Chaucer and Petrarch

Chaucer and Petrarch

William T. Rossiter

Hardback
$90.00

D.S.Brewer

Overview

Overview

First full study of Chaucer's readings and translations of Petrarch suggests a far greater influence than has hitherto been accepted.
Despite the fact that Chaucer introduced Petrarch's work into England in the late fourteenth century, Petrarch's influence has been very little studied. This book, the first full-length study of Chaucer's reading and translation of Petrarch, examines Chaucer's translations of Petrarch's Latin prose and Italian poetry against the backdrop of his experience of Italy, gained through his travels there in the 1370s, his interaction with Italians in London, and his reading of the other two great Italian medieval poets, Boccaccio and Dante. The book also considers Chaucer's engagement with early Italian humanism and the nature of translation in the fourteenth century, including a preliminary examination of adaptations of Chaucer's pronouncements upon translation and literary production. Chaucer's adaptations of Petrarch's Latin tale of Griselda and the sonnet "S'amor non è", as the Clerk's Tale and the "Canticus Troili" from Troilus and Criseyde respectively, illustrate his various translative strategies. Furthermore, Chaucer's references to Petrarch in his prologue to the Clerk's Tale and in the Monk's Tale provide a means of gauging the intellectual relationship between two of the most important poets of the time.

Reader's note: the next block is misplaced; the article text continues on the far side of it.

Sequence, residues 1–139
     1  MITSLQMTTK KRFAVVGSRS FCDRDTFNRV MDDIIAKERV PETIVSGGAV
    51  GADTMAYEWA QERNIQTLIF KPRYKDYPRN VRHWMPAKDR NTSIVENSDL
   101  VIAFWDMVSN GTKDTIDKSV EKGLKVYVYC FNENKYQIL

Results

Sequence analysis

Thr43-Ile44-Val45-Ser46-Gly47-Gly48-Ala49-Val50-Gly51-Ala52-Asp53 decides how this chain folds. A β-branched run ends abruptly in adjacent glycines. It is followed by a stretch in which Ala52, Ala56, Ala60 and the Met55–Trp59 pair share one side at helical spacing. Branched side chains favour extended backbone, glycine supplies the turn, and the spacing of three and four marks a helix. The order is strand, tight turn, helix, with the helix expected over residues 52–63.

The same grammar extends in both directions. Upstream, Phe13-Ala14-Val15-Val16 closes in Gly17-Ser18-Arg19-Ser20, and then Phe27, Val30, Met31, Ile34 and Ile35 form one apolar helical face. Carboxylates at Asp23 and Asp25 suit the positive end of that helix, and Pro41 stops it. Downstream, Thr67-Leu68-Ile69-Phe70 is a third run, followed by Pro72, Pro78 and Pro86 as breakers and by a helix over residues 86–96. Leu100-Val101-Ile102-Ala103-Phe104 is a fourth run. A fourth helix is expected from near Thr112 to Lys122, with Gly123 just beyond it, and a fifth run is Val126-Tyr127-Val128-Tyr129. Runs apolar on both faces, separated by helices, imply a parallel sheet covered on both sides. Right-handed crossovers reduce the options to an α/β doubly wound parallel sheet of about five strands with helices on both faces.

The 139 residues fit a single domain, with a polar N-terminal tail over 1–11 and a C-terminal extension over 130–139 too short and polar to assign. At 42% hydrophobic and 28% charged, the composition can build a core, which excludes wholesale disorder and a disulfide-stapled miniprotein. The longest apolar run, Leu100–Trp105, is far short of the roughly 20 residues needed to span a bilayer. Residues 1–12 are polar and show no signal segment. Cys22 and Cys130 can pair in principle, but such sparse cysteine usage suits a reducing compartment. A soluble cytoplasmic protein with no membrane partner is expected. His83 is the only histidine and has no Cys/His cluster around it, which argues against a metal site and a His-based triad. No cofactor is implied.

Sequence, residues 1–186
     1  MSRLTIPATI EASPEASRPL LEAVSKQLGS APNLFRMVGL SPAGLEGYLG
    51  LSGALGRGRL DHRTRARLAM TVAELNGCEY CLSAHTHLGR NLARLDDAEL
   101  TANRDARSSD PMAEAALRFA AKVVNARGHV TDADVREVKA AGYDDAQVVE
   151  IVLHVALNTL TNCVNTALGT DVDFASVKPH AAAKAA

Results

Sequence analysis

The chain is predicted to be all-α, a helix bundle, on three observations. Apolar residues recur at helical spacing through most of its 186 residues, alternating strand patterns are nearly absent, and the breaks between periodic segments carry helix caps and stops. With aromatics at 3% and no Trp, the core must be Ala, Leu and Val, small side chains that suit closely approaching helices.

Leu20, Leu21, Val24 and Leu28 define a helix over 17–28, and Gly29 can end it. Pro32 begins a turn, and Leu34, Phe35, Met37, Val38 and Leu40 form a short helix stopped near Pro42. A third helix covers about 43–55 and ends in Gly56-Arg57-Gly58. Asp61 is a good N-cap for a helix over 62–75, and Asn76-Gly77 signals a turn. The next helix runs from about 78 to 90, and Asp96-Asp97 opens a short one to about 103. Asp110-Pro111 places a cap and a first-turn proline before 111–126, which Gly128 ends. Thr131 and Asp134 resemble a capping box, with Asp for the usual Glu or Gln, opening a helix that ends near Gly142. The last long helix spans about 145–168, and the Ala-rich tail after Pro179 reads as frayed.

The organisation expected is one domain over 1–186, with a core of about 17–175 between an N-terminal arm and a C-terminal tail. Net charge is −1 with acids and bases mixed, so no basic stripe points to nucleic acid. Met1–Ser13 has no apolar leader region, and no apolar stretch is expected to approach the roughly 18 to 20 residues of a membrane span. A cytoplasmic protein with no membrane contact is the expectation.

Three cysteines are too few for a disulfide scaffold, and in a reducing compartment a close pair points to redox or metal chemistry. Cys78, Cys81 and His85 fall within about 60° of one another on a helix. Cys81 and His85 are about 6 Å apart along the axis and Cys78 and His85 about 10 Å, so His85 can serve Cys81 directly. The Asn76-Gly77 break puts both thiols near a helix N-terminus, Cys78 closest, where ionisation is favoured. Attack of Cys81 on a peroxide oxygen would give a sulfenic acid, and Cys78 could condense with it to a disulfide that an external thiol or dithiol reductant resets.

WILLIAM T. ROSSITER is Senior Lecturer in Medieval and Early Modern Literature, University of East Anglia.

Details

March 2010
250 pages
23.4x15.6 cm
Chaucer Studies
ISBN: 9781843842156
Format: Hardback
Library eBook
D.S.Brewer
BIC DSBB, 1DBKE, 2AB, 3H
BISAC LIT011000
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Table of Contents

Introduction: Forms of Translatio
Father of English Poetry, Father of Humanism: When Chaucer "met" Petrarch
'The double sorwe of Troilus to tellen': Petrarchan Inversions in Chaucer's Filostrato
'But if that I consente': The First English Sonnet
'Mutata veste': Griselda between Boccaccio and Petrarch
'Of hire array what sholde I make a tale?': Griselda between Petrarch and Chaucer
Conclusion: 'translacions and enditynges'
Bibliography

Reviews

A careful consideration of the relationship between Chaucer and Petrarch, but its reach beyond that narrow focus also makes it a valuable addition to the wider field of work on Chaucer and the tre corone. MEDIUM AEVUM

(P)rovides a wealth of information and many intriguing readings. STUDIES IN THE AGE OF CHAUCER

A thorough and scholarly consideration of the subject (and) a valuable addition to the wider field of work on Chaucer and the tre corone. MEDIUM AEVUM

Author Bio

Senior Lecturer in Medieval and Early Modern Literature, University of East Anglia.

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